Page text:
I first met Grace Paley in 2000 or 2001. She lived near my college during the later part of her life, in Thetford, Vermont, and we had a couple of friends in common. One of them, Cleopatra Mathis, introduced me to her after a reading by the poet Grace Schulberg. We were at a little reception, catered by a local African restaurant, with platters of doughy fried finger foods and fresh vegetables. Grace Paley wasn’t in much of a talking mood, but was still very warm and friendly. “Don’t forget to eat your vegetables,” she told me. And then she bit into a carrot.

I saw her again a few years later, in April 2003. During the new Iraq War, it turned out. And she was worried about me. It was like talking to a close family friend or favored great aunt who is in town for the night and really just wants to make sure I’m getting along OK: am I? really? OK?

She was in San Francisco to give a talk at the giant Temple Emanu-el. (I wrote a friend about it, and from that am I getting some of these comments.) She didn’t read much, except a short and excellent story about spending six days in jail, and a few poems by other people. But she did talk a lot, especially about current events, and she didn’t avoid any questions. When asked about US involvement in the domestic situations of other countries, she recalled meeting a Chilean truck driver who had a briefcase full of paper money from the CIA. She and her husband Bob Nichols were visiting Chile to learn about strawberry farming. This was 1973.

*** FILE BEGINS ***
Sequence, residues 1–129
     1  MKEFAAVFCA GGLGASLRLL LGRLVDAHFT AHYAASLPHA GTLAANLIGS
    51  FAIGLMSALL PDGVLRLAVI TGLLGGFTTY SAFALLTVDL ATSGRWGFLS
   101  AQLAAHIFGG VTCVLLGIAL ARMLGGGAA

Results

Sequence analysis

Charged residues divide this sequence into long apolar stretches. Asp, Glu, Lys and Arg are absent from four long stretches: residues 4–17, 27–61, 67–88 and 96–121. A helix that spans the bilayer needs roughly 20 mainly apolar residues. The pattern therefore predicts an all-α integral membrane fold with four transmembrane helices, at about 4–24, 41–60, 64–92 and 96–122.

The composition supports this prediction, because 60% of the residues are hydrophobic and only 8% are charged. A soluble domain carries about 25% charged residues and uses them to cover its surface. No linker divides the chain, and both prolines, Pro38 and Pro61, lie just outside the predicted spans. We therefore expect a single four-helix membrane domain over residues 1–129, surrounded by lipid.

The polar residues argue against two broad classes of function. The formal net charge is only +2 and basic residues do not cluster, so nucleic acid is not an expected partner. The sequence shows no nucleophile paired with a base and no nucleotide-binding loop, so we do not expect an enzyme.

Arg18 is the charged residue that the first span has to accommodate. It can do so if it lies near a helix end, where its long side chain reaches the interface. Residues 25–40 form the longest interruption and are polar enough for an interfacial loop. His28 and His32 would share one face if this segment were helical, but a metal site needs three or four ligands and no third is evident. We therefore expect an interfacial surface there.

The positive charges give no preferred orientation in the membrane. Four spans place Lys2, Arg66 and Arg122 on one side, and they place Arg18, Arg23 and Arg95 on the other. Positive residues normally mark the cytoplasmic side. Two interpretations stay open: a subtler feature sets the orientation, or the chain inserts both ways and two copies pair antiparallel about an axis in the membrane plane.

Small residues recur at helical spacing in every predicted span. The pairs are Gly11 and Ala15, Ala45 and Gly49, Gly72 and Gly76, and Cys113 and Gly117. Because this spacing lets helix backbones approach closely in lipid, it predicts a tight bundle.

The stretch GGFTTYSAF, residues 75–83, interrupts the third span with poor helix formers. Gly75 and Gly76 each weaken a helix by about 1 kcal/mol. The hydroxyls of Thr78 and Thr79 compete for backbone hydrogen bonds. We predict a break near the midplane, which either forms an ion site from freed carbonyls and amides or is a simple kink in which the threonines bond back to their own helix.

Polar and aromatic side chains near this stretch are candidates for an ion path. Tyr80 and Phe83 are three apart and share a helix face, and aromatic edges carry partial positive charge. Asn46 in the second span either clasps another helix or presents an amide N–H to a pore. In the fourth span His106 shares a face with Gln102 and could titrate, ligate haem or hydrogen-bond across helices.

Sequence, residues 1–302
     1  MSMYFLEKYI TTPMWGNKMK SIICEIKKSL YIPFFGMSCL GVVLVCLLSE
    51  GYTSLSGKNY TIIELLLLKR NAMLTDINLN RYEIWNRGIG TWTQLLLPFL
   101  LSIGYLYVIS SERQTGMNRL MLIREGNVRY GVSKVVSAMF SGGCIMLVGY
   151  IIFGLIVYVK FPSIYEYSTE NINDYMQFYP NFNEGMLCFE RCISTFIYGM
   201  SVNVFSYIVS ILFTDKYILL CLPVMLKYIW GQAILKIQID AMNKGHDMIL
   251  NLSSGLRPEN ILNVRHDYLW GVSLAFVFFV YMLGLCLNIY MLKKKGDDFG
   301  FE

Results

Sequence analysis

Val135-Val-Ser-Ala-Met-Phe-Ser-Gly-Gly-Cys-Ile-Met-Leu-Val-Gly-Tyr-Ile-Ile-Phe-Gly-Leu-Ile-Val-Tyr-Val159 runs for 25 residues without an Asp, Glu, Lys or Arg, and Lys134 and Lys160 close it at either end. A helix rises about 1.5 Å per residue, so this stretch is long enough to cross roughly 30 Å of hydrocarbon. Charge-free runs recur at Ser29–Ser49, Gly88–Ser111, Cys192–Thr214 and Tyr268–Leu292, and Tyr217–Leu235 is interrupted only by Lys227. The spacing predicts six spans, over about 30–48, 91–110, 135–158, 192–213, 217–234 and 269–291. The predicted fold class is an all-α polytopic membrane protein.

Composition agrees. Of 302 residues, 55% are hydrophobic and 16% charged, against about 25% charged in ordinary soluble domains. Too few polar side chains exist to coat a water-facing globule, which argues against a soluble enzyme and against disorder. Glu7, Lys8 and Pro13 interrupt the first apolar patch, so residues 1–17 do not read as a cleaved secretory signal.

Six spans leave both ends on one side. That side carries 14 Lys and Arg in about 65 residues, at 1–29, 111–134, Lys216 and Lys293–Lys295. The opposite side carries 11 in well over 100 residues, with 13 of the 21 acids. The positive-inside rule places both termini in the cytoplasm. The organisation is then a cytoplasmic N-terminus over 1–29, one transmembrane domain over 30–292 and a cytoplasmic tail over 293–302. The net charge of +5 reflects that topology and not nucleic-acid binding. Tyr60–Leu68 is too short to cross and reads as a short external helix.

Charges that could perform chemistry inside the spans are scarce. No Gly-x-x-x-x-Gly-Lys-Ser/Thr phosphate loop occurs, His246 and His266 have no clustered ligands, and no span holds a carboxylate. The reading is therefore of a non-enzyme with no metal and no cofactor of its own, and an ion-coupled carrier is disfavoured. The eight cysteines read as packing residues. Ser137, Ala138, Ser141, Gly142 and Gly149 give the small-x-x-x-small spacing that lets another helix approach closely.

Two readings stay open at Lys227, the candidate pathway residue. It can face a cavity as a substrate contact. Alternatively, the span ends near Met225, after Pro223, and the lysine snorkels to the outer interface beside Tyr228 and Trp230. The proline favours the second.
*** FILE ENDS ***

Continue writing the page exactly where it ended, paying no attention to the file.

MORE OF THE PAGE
I think I must have been the youngest person in the audience, except for a few 12 year olds. Maybe I was the youngest person who went there voluntarily. One woman a bit older than me stood up and asked Grace how she felt about current events as a Jewish person. This woman was young and attractive and well-dressed and well-spoken and after Grace’s talk she was surrounded by complimentary old women who clucked and cooed over her. The question seemed to arouse a sense of approval from some sections of the audience, though not necessarily all. How do you feel about these things as a Jewish person?

And Grace said, I’m not quite sure what you mean.